Approximately 15 years previously, a thorough medical workup yielded a diagnosis of primary FMS with accompanying CFS. Over the past 25 years, the patient had tried many forms of care, including physical therapy, massage, acupuncture, chiropractic and exercise, with little to no improvement.

At the initial consultation, the patient had been using a combination of light exercise when tolerated, muscle relaxants and a tricyclic antidepressant at bedtime for 10 years with limited success. She rated her FMS/CFS as being constant and at an intensity level between 7-9 (1-10 VAS). The patient advised that her life used to be filled with activity, exercise and happiness; now, it had been reduced to pain and very little else.

Upon examination, the patient presented with overall motions that were careful and deliberate. The patient was cooperative, but expressed that she was doubtful that care would be of benefit. Vital signs and ear, nose, and throat examinations were unremarkable.

An orthopedic examination revealed significant palpatory hypertonicity and tenderness of the paraspinal musculature from C0-T9 and including the trapezius, levator scapulae and anterior cervical musculature bilaterally. A marked increase in myohypertonicity and tenderness was noted in the right occipital region. Upon algometric examination, the patient tested positive for 14 of the 18 designated FMS tender points with 1-3 kg of pressure. Myofascial trigger points were elicited in the trapezius, levator, and infraspinatus musculature. A 40 percent overall decrease in cervical active and passive ROMs was noted along with paraspinal and trapezius pain in 4 of 6 ranges. Cervical orthopedic tests were found positive for facet joint irritation. Multi-axis articular end-range examination revealed biomechanical abnormalities in the cervical, costovertebral, and thoracic spine. The remainder of the patient's lumbosacral, lower extremity and upper extremity orthopedic evaluation was unremarkable.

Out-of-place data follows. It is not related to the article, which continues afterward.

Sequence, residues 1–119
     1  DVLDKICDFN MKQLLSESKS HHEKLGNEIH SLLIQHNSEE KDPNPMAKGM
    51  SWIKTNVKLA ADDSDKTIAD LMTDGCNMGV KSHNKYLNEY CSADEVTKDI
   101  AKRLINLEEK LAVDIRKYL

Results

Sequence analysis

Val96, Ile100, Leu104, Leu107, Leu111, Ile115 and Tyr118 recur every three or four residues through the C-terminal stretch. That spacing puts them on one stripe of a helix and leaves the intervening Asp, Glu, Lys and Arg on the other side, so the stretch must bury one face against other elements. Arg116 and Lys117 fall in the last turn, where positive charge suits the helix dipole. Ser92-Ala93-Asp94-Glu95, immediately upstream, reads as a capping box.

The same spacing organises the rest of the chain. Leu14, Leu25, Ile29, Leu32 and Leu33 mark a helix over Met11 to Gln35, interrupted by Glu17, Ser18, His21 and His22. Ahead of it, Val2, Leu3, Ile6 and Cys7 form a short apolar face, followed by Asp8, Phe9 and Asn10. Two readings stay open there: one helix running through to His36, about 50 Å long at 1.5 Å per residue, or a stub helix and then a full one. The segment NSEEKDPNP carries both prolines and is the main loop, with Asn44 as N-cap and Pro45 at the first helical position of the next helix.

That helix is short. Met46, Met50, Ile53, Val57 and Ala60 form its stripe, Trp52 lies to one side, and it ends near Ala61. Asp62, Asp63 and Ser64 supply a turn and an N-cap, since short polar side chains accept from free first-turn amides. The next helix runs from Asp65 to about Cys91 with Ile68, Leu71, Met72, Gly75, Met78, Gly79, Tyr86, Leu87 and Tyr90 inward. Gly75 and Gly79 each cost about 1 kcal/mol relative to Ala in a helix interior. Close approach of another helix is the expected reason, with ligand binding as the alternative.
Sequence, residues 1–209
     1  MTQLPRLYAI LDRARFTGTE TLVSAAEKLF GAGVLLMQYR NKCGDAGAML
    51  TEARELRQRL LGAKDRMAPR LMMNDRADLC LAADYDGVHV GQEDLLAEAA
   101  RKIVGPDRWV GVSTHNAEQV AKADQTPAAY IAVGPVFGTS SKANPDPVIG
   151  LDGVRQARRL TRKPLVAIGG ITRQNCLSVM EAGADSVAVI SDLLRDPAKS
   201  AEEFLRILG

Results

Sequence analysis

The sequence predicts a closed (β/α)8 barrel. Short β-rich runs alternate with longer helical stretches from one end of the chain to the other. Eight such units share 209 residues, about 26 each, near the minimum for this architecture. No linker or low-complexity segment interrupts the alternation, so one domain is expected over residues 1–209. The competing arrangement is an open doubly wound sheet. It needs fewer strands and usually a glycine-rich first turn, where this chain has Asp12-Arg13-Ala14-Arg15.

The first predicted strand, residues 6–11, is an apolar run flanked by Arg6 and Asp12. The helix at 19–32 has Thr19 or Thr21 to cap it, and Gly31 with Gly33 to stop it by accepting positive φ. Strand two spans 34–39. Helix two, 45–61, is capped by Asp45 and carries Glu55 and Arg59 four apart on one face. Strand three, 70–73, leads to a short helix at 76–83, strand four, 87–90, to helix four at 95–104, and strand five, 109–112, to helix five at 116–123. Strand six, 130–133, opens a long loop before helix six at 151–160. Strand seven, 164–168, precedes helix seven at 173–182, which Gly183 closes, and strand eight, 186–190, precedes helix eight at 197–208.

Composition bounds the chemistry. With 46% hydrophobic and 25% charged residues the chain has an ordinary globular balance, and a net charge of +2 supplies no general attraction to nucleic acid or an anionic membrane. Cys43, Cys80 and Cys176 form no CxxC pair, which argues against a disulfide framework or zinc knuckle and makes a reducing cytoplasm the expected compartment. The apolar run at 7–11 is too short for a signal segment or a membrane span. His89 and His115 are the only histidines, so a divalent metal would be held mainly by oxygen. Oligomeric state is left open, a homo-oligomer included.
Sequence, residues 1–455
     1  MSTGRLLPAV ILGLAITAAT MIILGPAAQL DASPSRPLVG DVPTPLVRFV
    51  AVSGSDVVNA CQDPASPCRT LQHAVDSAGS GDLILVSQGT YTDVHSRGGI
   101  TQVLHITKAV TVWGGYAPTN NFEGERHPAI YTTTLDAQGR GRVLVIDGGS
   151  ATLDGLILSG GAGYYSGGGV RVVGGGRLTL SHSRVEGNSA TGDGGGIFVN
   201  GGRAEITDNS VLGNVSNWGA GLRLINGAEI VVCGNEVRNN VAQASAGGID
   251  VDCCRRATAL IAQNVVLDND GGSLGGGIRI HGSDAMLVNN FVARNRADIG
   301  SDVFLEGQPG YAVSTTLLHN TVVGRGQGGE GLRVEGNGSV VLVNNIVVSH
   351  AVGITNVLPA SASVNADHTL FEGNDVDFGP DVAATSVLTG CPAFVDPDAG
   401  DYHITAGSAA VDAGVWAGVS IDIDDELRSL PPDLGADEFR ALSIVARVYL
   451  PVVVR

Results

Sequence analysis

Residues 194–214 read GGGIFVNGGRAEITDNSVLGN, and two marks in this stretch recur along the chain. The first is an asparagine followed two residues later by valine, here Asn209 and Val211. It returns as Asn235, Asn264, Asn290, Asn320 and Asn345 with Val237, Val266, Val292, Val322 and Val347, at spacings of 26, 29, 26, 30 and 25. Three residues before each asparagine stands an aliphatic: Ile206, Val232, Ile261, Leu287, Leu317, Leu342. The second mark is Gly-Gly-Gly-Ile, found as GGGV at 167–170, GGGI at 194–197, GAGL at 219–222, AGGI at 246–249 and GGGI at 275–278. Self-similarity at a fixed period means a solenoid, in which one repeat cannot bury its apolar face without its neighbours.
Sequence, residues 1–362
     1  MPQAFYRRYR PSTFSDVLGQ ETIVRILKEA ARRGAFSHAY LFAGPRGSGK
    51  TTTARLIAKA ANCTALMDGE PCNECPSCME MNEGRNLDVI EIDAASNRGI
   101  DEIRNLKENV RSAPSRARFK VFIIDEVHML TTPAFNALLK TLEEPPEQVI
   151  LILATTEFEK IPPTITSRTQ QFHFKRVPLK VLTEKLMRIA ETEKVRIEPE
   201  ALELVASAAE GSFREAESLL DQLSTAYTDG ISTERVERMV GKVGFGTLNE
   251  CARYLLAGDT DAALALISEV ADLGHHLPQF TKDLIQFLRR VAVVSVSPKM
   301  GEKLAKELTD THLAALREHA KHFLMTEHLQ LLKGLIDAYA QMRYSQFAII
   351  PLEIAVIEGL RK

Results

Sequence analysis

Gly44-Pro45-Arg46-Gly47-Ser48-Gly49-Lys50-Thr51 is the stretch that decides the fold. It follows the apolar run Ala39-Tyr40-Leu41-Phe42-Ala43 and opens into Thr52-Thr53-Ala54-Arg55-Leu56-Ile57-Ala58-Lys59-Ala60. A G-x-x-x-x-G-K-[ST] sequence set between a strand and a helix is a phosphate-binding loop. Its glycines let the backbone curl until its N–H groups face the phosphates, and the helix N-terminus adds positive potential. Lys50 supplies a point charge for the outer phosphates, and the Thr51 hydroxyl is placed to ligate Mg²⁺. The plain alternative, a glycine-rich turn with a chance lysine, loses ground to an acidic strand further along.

Gross neurologic examination was also found to be unremarkable. A high-resolution paraspinal digital infrared imaging analysis was performed in accordance with thermographic protocol (a Tytron C-3000 paraspinal imaging system was utilized).6-8

A continuous paraspinal scan, consisting of approximately 423 infrared samples, was taken from the level of S1 to the occiput. The data were analyzed against established normal values and found to contain wide thermal asymmetries indicating abnormal autonomic regulation of neuropathophysiology.9-12